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Inside the Aardman Animations universe

May 05,2018
A four-meter (13-feet) sailboat from “The Pirates! Band of Misfits” (2012), is covered in blue and purple lights. [AARDMAN STUDIO]
The bright red rocket from “Wallace & Gromit: A Grand Day Out” (1989), which the duo built to get to the moon in search of cheese, is on display at the exhibition. [AARDMAN STUDIO]
For parents mulling over where to take their children for Children’s Day, “The Art of Aardman Animations: Wallace & Gromit and Friends” may be the perfect choice.

The venerable British studio behind a number of hit movies like “Creature Comforts” (1990), “Chicken Run” (2000) and the “Wallace & Gromit” series, is presenting a total of 372 artworks that make up the 40-year history of Aardman’s award-winning features in Korea.

Although the artworks behind the studio’s features may be more familiar to parents than their children, kids will be able to enjoy the exhibition thanks to the well-explained artworks that are represented in diverse forms, including drawings, sketches, animation sets, clay dolls and digital videos.

Running through July 12 at the Dongdaemun Design Plaza in central Seoul, Aardman’s latest exhibition in Korea marks its fourth exhibition abroad after Paris, Frankfurt and Melbourne.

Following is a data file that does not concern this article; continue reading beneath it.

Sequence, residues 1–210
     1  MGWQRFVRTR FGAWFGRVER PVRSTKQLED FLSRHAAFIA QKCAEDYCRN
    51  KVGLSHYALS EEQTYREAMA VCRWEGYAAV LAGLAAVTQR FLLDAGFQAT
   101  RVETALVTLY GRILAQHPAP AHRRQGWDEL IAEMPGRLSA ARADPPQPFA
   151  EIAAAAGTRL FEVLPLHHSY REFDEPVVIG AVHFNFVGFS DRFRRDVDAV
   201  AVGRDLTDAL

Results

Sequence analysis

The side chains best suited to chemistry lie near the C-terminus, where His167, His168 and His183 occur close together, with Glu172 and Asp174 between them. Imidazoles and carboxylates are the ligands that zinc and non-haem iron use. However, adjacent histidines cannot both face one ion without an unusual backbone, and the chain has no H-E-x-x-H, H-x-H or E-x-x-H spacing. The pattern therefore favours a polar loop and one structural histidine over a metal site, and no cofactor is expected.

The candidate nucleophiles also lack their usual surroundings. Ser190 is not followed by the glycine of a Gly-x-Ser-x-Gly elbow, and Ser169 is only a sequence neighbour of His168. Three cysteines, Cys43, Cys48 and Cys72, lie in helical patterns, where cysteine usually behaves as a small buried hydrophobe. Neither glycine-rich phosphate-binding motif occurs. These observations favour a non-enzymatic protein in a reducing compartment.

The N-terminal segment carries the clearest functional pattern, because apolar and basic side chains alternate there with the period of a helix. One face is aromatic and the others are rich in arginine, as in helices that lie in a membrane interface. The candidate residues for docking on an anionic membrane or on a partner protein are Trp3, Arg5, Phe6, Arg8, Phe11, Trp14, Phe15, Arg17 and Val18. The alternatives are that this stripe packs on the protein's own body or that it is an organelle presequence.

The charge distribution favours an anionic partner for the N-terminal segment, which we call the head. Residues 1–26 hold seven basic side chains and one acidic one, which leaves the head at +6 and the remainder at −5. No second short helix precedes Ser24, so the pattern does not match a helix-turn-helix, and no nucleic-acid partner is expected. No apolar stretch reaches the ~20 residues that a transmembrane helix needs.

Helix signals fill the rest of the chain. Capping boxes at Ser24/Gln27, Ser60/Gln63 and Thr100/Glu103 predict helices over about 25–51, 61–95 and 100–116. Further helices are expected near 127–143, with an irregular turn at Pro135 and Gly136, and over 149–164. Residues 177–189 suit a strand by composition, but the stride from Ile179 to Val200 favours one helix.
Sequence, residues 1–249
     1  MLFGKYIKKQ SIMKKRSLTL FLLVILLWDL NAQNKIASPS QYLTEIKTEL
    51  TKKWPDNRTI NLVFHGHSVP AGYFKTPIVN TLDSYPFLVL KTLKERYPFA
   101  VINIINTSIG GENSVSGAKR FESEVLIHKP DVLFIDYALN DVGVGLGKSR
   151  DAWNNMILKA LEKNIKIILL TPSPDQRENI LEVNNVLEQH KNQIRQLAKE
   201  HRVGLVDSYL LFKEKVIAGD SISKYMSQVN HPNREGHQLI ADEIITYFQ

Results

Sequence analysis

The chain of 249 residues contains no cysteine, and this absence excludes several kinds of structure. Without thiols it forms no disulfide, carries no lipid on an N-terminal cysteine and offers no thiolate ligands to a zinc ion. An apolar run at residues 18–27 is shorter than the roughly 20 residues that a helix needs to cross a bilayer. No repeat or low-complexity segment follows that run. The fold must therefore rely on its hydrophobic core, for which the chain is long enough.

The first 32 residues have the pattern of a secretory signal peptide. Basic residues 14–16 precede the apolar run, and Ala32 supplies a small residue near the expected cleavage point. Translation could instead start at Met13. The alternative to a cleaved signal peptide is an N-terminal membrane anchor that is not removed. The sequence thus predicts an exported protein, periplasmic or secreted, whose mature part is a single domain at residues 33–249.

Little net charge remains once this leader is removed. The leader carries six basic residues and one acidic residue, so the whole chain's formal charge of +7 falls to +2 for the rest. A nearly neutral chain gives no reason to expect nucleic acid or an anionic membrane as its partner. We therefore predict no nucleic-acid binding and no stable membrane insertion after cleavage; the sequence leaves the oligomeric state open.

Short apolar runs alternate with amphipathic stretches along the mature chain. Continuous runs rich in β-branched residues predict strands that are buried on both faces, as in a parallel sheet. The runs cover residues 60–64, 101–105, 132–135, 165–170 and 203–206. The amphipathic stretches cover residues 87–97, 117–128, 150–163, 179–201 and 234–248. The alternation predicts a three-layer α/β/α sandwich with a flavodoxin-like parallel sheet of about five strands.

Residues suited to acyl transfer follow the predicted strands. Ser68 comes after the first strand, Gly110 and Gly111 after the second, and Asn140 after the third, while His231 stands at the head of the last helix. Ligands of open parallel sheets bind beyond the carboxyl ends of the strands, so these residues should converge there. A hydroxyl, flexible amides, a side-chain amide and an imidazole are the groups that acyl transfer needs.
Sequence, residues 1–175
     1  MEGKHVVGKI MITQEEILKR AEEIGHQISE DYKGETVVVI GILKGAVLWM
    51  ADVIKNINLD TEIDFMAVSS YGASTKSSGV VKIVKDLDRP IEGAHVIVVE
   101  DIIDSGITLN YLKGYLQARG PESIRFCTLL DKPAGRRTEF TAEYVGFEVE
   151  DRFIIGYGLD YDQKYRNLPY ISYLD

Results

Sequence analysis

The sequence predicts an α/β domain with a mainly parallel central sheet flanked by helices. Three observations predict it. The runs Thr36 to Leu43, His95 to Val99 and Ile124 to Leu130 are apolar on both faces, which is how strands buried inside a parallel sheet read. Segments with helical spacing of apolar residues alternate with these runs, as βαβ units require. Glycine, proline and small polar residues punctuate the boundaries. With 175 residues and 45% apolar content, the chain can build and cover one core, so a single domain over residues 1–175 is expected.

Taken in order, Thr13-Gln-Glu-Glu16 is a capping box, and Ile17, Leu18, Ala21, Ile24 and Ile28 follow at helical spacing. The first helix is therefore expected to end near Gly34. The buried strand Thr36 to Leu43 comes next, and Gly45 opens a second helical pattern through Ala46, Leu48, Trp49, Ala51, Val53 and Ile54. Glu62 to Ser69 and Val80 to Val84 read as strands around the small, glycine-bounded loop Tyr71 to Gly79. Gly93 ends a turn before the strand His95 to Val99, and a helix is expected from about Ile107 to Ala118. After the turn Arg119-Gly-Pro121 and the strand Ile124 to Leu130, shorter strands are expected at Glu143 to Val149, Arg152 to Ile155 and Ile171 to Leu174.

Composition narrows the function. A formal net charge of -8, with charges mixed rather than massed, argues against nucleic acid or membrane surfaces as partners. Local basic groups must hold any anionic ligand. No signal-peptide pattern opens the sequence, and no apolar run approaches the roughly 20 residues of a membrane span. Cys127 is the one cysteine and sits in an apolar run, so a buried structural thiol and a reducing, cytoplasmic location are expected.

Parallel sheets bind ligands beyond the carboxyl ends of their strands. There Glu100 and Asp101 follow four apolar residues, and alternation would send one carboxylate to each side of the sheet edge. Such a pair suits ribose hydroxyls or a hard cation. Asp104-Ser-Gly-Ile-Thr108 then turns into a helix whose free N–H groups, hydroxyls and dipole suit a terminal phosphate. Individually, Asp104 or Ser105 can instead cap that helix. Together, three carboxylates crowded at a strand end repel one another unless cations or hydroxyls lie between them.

Divided into three sections, the first part demonstrates the beginnings of Aardman’s creations in the form of drawings, storyboards and scrapbooks. They include the roughly sketched storyboard of the 1997 film “Wallace & Gromit: The Wrong Trousers” (1993) and the water colored drawings of scenes in “Wallace & Gromit: The Curse of the Were-Rabbit” (2005).

Another section invites visitors to observe three-dimensional objects that have been created from drawings. Known for its distinct depictions of nature and bizarre technological inventions in the studio’s features, original sets and distinct inventions from the movies and TV shows are on display. One of the eye-catching invention in this section is the bright red rocket from “Wallace & Gromit: A Grand Day Out” (1989), which the duo built to get to the moon in search of cheese.

Short, explanatory videos on the processes of animation, such as how stop-motion animation is made, and short clips of the studio’s creations are presented in between artworks to help visitors better understand how the studio’s works get made.

When it comes to art, light is one of the most crucial factors that artists take into consideration, and the creators behind Aardman’s famous works were no exception. Their effort to bring out curves, shadows and depth of the shape is clear in the third section. The largest, and most notable, installation here is a four-meter (13-feet) sailboat from “The Pirates! Band of Misfits” (2012). Blue and purple lights that shine on the bottom of the floating sailboat instantly catches visitors’ attention near the end of the exhibit.

This display comes ahead of Aardman studio’s newest release, “Early Man.” Directed by Nick Park, the man behind the classic look that the studio has come to be known for worldwide, the feature revolves around a prehistoric caveman striving to fight for the land he and his tribe lost after emissaries from a distant empire took it away, which arrived at local theaters on Thursday.

BY JIN MIN-JI [jin.minji@joongang.co.kr]
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